Barn owls born and bred as part of a Wokingham conservation project are about to have an absolute hoot on their first-ever flight, according to a survey of the barn owl boxes.
Wokingham Borough Council’s barn owl conservation project installed more than 20 barn owl boxes on telegraph poles and trees to help the rare birds thrive with somewhere to nest and good local hunting grounds.
At least 11 owls are expected to wing it and leave their nests any day now.
More than 250 barn owl chicks have been born in the borough since the project started in 2002, and the study also revealed parents may be trying for a second brood later this year.
Wokingham Borough Council’s executive member for environment and leisure Cllr Parry Batth said: “The council long-running barn owl conservation project helps ensure we are doing everything we can to keep this beautiful species thriving in the Wokingham borough.”
He said it was the combined work of the council officers and volunteers which keeps the boxes in good condition, encouraging barn owls to nest there.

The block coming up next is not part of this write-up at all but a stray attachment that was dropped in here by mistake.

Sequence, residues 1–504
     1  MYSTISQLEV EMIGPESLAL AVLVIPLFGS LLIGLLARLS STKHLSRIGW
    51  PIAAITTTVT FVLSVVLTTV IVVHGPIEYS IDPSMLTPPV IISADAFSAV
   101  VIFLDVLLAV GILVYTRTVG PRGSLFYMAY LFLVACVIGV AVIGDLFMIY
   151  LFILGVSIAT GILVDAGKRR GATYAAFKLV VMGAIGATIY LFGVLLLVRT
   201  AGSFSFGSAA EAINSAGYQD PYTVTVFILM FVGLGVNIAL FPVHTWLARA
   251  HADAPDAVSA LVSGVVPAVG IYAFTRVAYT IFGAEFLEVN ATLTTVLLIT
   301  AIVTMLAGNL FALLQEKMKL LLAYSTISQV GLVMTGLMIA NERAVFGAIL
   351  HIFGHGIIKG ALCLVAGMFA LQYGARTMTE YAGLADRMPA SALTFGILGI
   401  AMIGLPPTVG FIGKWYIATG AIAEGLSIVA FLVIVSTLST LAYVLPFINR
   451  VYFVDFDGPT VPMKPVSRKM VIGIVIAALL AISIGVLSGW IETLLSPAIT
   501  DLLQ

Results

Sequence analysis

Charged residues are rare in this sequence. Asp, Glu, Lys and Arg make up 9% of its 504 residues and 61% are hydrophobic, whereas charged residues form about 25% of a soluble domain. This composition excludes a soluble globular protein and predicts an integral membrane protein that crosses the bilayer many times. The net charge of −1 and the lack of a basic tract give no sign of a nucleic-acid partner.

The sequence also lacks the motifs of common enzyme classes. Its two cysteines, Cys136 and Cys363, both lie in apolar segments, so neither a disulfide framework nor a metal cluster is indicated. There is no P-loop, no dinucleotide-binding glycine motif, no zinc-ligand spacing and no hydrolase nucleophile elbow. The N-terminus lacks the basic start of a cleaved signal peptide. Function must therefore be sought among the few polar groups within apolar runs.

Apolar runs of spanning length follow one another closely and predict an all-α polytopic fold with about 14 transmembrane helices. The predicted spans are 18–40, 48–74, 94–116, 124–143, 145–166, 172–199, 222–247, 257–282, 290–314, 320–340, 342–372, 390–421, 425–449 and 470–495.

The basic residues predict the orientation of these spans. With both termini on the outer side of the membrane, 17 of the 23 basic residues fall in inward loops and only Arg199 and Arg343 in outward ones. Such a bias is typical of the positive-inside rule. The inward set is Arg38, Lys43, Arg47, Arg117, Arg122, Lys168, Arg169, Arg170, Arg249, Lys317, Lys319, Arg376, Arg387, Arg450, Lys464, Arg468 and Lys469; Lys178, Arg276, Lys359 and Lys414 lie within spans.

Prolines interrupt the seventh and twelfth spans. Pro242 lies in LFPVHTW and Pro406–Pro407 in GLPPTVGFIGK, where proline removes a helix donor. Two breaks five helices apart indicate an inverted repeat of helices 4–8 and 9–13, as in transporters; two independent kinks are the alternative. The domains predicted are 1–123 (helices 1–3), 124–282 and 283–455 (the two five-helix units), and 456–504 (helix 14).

They attempt to avoid disturbing the birds while counting the eggs, chicks and stockpiled prey.
“As a rural area with lots of countryside, we do all we can to boost biodiversity and provide areas where all types of wildlife can live happily.”
The council works with the Barn Owl Conservation Network and the British Trust of Ornithologists to watch over the birds.
The boxes are sometimes occupied by kestrels, and their population numbers also indicate the overall health of the countryside.
To join the project as a volunteer, email email@example.com.
If you would prefer to work on the barn owl box checks with the Blackwater Valley Countryside Partnership, email firstname.lastname@example.org.